On August 12, 1930, Harry an slinger (May 20, 1892 – November 14, 1975) became the first Commissioner of the Treasury Department’s Federal Bureau of Narcotics and stated in the Washington Herald “If the hideous monster Frankenstein came face to face with the monster marijuana, he would die of fright”. He also stated that Cannabis caused "murder, insanity and death", and made numerous racist remarks against African Americans and Hispanics. He created the “gore files” with quotes like the following showing up in newspapers across the country: “…the primary reason to outlaw marijuana is its effect on the degenerate races.” In 1937 he championed the Marijuana Tax Act before Congress that banned all use of marijuana except as sterile bird seed. By 1936, 38 states added marihuana to most dangerous drug lists. Another proponent of anti-marijuana propaganda was Publisher William Randolph Hearst (April 29, 1863 – August 14, 1951). He waged an anti-marihuana campaign that popularized the Mexican word “marijuana” for cannabis. He used it to make cannabis sound “foreign” and as a tactic against immigration. The psychedelic revolution of the 1960’s and 1970’s In the late 1960’s and 1970’s marijuana became the recreational drug of choice of the young generation and became a symbol of youthful rebellion. It was popularized in films of the day most especially in the 1978 Cheech and Chong’s Up in Smoke. In 1978, the 30-day prevalence of marijuana/hashish use in 12th graders peaked at 37.1%.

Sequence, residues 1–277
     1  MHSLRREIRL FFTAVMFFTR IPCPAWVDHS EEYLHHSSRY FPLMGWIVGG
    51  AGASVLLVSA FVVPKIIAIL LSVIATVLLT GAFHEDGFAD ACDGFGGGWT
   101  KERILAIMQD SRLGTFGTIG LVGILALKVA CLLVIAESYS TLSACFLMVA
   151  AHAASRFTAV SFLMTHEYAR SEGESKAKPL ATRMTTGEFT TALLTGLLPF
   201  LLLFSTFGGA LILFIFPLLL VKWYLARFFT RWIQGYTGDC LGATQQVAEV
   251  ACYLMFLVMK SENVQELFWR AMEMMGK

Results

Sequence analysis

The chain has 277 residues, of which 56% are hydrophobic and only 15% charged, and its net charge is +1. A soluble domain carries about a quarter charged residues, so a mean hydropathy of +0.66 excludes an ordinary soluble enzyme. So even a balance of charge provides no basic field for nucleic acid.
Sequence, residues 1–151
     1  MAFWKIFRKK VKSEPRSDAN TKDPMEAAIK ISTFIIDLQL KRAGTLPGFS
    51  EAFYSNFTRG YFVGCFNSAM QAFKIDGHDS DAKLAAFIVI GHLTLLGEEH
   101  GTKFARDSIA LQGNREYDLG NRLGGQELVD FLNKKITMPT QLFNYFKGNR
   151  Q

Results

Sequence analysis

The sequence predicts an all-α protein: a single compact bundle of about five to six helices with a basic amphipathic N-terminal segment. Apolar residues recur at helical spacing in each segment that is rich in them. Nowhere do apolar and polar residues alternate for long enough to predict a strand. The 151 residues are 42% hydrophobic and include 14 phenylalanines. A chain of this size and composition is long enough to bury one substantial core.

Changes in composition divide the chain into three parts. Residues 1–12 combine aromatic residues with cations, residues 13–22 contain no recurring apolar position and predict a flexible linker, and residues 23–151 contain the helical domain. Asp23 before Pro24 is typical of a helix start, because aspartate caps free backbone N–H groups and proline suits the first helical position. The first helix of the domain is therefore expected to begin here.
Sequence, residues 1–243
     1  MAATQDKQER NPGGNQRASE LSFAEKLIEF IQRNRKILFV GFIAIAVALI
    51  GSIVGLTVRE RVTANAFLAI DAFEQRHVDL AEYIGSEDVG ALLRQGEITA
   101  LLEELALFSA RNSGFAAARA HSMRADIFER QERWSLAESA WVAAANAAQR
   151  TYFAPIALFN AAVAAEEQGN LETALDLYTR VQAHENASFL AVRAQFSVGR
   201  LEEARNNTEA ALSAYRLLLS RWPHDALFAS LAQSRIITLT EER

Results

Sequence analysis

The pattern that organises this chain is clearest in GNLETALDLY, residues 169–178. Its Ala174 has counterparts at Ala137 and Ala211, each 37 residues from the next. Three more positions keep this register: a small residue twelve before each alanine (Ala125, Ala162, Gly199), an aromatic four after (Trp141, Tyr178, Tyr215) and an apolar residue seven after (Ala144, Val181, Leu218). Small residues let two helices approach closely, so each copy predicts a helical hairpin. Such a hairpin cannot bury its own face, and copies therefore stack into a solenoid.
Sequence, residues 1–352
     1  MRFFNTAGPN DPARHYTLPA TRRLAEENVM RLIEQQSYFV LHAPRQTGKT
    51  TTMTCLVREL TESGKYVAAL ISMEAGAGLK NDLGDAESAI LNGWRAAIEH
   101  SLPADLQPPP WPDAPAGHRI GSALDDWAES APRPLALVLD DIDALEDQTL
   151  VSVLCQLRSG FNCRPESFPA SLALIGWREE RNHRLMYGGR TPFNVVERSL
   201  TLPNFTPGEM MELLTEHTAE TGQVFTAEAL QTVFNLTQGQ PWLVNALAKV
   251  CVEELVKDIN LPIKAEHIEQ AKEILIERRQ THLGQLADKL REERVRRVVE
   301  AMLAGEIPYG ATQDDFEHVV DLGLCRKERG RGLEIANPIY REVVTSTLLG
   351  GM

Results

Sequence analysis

The Prohibition Against Marijuana Use